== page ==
Casino Riverboats Politically Connected
Apr. 13, 1994
BATON ROUGE, La. (AP) _ The state's fledgling gambling industry has become a jackpot for friends and family of Gov. Edwin Edwards.
- The governor's former law partner, William Broadhurst, has a $350,000 contract with Casino America, whose parent company owns half of a Bossier City riverboat.
- Edwards' son Stephen stands to earn up to $132,000 in legal fees from the Atlantic City-based Capital Gaming International, which is putting a boat in New Orleans. He also has done work for two other riverboat casinos.
- Stephen's father-in-law, Fred Lieux, will earn $2 million in a deal with a riverboat casino.
In all, seven of the state's 11 licensed riverboat casinos are linked to Edwards' relatives or political and financial backers.
Both Edwards and his son already have appeared before a state grand jury investigating Louisiana's gambling industry. So have some of the people who played high-stakes poker with Edwards at the governor's mansion.
But Edwards says there's nothing to worry about.
''People connected to me are in banks, land, shipping, transportation, all forms of endeavor because I've been governor (off and on) for 20 years,'' Edwards said. ''I'm not going to embrace the silly notion that just because people know me, they should be ostracized from a legitimate operation.''
Edwards is an old hand at grand jury testimony. His recent appearance was his 20th since he was first elected governor in 1972.
He was acquitted of federal racketeering charges in 1985. Last year, he appeared on ''60 Minutes'' and discussed his frequent gambling in Las Vegas.
State Attorney General Richard Ieyoub declined comment when asked if he was concerned about the casinos' links to Edwards.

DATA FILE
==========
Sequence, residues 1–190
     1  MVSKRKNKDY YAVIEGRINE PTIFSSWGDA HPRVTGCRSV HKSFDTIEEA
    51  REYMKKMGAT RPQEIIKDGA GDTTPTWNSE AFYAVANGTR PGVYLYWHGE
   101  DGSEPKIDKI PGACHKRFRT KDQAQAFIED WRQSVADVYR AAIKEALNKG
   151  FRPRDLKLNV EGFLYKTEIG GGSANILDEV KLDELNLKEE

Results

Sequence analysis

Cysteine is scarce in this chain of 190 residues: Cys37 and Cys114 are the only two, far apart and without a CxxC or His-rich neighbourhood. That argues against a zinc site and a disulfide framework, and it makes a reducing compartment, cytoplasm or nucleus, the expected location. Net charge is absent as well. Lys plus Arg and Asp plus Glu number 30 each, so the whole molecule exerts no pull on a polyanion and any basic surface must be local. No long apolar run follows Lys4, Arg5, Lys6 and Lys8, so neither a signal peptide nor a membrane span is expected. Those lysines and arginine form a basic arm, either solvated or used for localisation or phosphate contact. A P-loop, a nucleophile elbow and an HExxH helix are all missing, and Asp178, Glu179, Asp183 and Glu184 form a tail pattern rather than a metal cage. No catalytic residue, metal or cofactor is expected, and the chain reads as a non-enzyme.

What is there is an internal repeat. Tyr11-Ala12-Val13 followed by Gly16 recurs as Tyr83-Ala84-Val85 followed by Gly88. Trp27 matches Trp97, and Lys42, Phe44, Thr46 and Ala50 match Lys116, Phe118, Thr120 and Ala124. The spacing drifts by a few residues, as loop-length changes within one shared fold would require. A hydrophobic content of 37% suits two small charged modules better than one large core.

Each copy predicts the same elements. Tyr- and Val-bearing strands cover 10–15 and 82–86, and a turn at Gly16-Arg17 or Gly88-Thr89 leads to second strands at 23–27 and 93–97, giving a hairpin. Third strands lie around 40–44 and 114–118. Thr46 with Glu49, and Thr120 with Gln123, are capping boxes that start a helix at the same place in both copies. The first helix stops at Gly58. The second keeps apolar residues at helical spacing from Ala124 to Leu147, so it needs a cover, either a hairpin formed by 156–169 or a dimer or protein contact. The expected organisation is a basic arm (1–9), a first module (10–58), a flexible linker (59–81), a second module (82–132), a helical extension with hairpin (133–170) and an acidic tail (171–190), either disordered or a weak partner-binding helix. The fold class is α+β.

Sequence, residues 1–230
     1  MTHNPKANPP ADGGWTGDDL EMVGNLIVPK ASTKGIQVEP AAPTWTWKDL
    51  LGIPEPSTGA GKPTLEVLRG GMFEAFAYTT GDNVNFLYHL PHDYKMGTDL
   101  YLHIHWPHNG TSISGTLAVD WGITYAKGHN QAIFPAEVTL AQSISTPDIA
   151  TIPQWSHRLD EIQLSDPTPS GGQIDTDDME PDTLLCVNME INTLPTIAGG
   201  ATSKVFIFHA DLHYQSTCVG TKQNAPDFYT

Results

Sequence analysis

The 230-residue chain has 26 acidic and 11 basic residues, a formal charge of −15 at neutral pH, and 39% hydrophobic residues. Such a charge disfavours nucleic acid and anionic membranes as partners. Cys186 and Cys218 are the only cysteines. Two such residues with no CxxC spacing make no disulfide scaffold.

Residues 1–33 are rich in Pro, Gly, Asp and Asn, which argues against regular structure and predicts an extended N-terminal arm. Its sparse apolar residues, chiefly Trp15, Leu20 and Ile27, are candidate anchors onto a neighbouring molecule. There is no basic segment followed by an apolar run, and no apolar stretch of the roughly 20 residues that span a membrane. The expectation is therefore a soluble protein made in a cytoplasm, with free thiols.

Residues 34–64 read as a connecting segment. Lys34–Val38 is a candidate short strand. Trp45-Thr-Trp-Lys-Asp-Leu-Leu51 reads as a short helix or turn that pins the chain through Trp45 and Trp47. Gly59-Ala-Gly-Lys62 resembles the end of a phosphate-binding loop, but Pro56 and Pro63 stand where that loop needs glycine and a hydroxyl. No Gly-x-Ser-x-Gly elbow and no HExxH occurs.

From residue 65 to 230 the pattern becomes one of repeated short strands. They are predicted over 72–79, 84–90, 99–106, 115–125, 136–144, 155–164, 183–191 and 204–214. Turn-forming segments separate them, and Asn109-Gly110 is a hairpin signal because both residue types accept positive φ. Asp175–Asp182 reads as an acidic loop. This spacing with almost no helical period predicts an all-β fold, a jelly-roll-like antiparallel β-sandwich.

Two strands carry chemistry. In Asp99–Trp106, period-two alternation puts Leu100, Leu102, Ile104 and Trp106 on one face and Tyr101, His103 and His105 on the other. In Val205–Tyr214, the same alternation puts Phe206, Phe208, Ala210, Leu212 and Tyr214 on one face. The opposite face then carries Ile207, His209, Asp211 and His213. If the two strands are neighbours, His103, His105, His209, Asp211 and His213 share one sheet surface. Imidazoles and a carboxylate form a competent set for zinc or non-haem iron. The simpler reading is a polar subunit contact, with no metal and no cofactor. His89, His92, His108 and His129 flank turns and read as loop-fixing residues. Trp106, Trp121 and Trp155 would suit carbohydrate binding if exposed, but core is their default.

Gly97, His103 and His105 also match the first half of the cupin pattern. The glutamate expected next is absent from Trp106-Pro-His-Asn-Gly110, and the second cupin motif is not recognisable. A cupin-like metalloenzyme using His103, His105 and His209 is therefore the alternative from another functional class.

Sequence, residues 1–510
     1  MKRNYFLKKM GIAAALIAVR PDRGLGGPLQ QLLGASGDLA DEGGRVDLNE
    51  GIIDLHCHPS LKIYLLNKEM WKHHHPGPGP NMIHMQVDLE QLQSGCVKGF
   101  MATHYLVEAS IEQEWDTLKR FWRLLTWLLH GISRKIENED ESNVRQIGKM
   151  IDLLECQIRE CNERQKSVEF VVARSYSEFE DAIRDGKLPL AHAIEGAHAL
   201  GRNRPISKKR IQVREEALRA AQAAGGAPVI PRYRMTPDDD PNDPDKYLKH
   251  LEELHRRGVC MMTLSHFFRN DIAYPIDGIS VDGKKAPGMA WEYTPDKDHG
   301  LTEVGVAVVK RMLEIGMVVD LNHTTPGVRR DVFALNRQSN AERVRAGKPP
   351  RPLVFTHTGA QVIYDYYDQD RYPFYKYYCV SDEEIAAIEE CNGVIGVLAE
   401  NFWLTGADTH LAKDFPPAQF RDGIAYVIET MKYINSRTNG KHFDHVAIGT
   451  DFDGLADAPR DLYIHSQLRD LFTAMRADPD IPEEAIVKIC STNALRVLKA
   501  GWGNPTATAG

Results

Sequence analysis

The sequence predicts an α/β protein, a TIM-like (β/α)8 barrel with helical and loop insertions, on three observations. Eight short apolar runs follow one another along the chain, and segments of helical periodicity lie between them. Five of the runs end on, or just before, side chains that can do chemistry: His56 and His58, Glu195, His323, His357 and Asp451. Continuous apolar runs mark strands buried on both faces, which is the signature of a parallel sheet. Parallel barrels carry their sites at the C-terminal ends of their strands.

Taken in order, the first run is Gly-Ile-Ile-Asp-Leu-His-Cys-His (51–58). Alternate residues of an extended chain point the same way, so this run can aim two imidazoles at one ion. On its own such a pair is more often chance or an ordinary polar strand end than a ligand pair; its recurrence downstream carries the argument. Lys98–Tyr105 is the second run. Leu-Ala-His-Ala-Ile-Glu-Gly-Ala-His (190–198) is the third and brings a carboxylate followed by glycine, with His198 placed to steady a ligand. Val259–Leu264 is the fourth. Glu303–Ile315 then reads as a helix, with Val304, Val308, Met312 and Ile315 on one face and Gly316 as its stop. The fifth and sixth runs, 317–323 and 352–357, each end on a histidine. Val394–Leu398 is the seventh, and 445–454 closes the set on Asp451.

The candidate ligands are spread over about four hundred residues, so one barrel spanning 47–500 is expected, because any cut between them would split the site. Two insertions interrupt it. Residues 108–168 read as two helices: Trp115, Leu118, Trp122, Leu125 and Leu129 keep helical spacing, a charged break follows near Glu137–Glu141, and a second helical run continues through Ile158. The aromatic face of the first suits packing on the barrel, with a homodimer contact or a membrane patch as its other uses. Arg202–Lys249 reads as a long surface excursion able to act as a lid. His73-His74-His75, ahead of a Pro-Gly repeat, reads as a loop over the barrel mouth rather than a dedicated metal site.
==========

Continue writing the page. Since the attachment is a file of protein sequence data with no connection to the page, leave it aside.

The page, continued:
''The state police has the power and the authority to grant the license,'' said Ieyoub, who also testified before the grand jury. ''I don't know the reasons they use for granting licenses. I'm not privy to those reasons.''
One focus of the grand jury investigation is how licenses are awarded to riverboat casinos.
Broadhurst, a close friend of the governor, has worked for two of the licensed casinos. He said he got the contracts because he was a good attorney, not because of his connection to Edwards.
Stephen Edwards has worked for three casinos.
One of those casinos, Capital Gaming, also paid $26 million to buy out a Shreveport consulting company's interest in the Crescent City Queen. The Shreveport company is owned by the nephew of Gus Mijalis, a longtime financial backer of the governor.
Lieux, Stephen Edwards' father-in-law, will earn $2 million by selling 200,000 shares of stock in St. Charles Gaming Company Inc.
State police are forcing Lieux to sell the stock because of his connection to an influence-peddling case several years ago that sent one of Edwards' aides to federal prison.
In another case, New Orleans businessman Vernon Shorty sold his 28 percent stake in the Belle of Orleans to its part-owner Norbert Simmons.
Shorty was promised $4 million when the boat begins operating. He is a business associate of assistant House Speaker Sherman Copelin, a close political ally of Edwards.
The governor's son also is the subject of a state ethics board investigation.
The board wants to determine if he violated an agreement not to sell goods or services to riverboat companies. The ethics code prohibits an elected official's immediate family from dealing with companies under his supervision.
Until last fall, Stephen Edwards was a director of a company trying to sell T-shirts, caps, mugs and other souvenirs to riverboat casinos. His attorney said the agreement did not cover legal services.
His brother and sisters also tried to get into riverboat-related business. All backed out when the ethics complaint was filed.